Cynthia Kwukanin Ogaji, a 30-year-old hairdresser from Cross River State, Nigeria, was pregnant with her first child and in labor when she arrived at her local public primary health care center. But her labor was not progressing, due to cephalopelvic disproportion — a relatively common yet treatable complication that occurs when the baby’s head is too big for the birth canal. The facility staff promptly referred her to a private clinic an hour away, which specialized in maternity care.
That swift response very likely saved Cynthia’s life, and her baby’s. She delivered her son safely at the second facility, where the staff was equipped to manage obstetric emergencies and could perform the C-section she needed.
Cynthia’s case shines a light on some important changes happening in Cross River since the launch of a maternal and newborn health improvement project led by Pathfinder International, with support from Merck for Mothers (known as MSD for Mothers outside the U.S. and Canada) and USAID under the Saving Mothers Giving Life (SMGL) initiative. SMGL was formed in 2012 to significantly reduce preventable maternal and newborn deaths in countries with high rates of maternal mortality: Uganda, Zambia, and Nigeria. As a result of SMGL’s efforts in Uganda and Zambia, maternal deaths declined in initiative-supported districts in both countries by more than 40%.
The results achieved in Cross River have been even more dramatic. According to data from 108 public and private facilities, maternal deaths dropped 66% in just three years.
Improving women’s access to timely and appropriate care
To achieve these gains, Pathfinder implemented a total market, or whole-system approach — working at the community, facility, and state government system levels to improve women’s access to timely and appropriate care before, during, and after labor and delivery. The approach also entailed working with both public and private providers to significantly increase the number of women in the state who are less than two hours away from quality emergency obstetric services.
This meant building a robust referral network, with regular meetings to foster collaboration and trust among providers. The project team provided training, mentorship, and other support to ensure the delivery of quality maternity care services — wherever women decided to seek care first.
Pathfinder also engaged individuals, households and communities — as well as traditional birth attendants — to empower women to seek care and to demand quality by providing them with access to sufficient information and resources (such as emergency transportation) to do so.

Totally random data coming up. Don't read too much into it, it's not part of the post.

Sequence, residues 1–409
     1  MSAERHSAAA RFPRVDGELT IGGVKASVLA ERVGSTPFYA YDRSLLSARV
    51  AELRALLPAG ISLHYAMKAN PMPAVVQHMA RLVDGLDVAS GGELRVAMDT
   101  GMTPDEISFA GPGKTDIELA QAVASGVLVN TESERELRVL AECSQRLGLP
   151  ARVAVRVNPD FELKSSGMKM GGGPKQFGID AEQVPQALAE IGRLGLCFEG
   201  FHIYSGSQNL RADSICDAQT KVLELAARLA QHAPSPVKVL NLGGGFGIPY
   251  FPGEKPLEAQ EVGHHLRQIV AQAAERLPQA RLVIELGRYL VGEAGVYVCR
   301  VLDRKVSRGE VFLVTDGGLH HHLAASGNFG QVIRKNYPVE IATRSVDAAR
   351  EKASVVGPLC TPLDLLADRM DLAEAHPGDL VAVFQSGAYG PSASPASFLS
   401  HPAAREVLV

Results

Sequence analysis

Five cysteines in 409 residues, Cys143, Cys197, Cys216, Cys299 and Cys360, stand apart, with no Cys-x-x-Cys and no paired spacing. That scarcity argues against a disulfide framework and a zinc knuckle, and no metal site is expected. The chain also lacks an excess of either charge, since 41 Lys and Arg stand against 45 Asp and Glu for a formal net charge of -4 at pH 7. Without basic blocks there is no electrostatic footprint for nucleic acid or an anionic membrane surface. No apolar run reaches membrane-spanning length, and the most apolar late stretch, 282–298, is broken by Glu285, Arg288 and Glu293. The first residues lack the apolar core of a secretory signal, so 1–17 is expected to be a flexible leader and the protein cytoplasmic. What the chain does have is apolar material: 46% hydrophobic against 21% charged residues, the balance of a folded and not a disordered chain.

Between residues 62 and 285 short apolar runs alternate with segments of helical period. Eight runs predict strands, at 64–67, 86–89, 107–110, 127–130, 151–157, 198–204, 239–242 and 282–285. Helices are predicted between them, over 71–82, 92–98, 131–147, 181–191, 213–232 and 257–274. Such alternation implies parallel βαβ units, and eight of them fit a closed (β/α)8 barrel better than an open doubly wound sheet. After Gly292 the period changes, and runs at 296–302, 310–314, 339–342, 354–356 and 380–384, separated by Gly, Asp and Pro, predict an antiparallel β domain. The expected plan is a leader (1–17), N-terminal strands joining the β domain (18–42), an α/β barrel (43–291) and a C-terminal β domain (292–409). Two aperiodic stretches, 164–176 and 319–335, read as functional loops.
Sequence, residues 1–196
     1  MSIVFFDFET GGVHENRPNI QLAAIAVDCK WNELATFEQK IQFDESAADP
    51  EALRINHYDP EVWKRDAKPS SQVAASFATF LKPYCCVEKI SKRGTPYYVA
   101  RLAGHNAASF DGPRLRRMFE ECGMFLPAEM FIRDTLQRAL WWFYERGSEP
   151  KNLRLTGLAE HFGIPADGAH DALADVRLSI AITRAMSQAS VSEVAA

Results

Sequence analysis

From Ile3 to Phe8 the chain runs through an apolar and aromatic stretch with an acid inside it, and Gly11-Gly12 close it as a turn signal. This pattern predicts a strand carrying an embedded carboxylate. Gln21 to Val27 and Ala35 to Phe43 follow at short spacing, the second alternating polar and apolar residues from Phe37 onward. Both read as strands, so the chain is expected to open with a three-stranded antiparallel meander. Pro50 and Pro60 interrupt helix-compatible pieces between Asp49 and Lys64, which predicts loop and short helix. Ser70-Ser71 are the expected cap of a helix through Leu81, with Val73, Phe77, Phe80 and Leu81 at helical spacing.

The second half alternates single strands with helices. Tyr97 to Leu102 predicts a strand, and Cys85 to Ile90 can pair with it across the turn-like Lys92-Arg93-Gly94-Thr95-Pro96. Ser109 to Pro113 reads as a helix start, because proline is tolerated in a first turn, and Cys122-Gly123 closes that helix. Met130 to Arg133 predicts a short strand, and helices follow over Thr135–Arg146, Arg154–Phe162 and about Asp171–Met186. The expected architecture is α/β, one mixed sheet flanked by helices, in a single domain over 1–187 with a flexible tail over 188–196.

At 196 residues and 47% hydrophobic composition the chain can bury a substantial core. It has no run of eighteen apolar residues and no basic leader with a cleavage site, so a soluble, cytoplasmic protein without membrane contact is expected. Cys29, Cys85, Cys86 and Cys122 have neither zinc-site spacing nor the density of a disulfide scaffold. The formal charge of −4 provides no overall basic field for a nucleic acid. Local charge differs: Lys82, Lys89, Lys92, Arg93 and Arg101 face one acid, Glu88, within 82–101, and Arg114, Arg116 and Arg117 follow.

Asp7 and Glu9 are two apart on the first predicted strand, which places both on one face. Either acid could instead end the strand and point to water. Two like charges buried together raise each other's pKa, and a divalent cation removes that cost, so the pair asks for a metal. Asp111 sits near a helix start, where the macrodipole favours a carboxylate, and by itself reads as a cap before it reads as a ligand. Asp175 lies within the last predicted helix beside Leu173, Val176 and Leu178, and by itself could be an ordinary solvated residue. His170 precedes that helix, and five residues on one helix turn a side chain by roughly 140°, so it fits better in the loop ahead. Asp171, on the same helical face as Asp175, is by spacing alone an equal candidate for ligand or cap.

The multi-pronged approach worked. Today, more than 90% of women in Cross River have access to quality emergency obstetric care within two hours of the onset of a complication.
Integrating private providers into quality improvement efforts
Bringing in private providers, and including them in capacity building and quality improvement efforts, was critical to the success of this project. In Nigeria, as in many low- and middle- income countries, up to 40% of women who seek facility care during pregnancy and childbirth already turn to these private providers, in some cases because there are no public options. In Cross River State for example, many rural areas lack a functional public hospital. But access to care is only half the answer – poor quality care drives up to 60% of preventable deaths.
Given the prominent role they already play in health care systems, it is clear that private providers must be integrated into efforts to ensure quality affordable maternity care is available to all women. Governments have a role to play in monitoring quality and providing mechanisms for the public to identify quality providers. Private providers will need to be included in state funding and insurance schemes, not only to keep their services affordable but also to help decongest public facilities that are already straining under the burden of increased demand for services.
Let’s not forget: private providers are also small business owners, so they are a motivated group. We need their entrepreneurial, can-do spirit, and their willingness to innovate to spark lasting change.
And governments need private providers to help fill critical information gaps — the patient and other data needed to inform national health policies. The African Union has called on all member states to strengthen their internal surveillance mechanisms, to count and investigate all maternal deaths and better understand why they’re happening. So it is encouraging to note that all SMGL-supported private providers in Cross River, having forged closer ties within the state’s broader public health system, are now sharing their data with district authorities. Previously, only about 20% of them were.
Collaborating to help end preventable maternal deaths
Going forward, we are advancing efforts to ensure that a total market approach in Cross River State is sustainable and is replicated in other states across Nigeria. We’ll be sharing best practices and lessons learned from this work, to continue to break down barriers and support public and private health sectors working together in an organized, systematic fashion — to end preventable maternal deaths. This learning may also be helpful in achieving Universal Health Coverage, a cornerstone of the Sustainable Development Goals.
There’s a lot at stake. There are too many points during a woman’s journey to motherhood where things can go wrong; where any delay in seeking, reaching or receiving quality care can mean the difference between a safe and healthy birth, and a tragic outcome.
We know what we need to do to end preventable maternal deaths. Let’s work together to end them once and for all.
Merck for Mothers is known as MSD for Mothers outside the United States and Canada.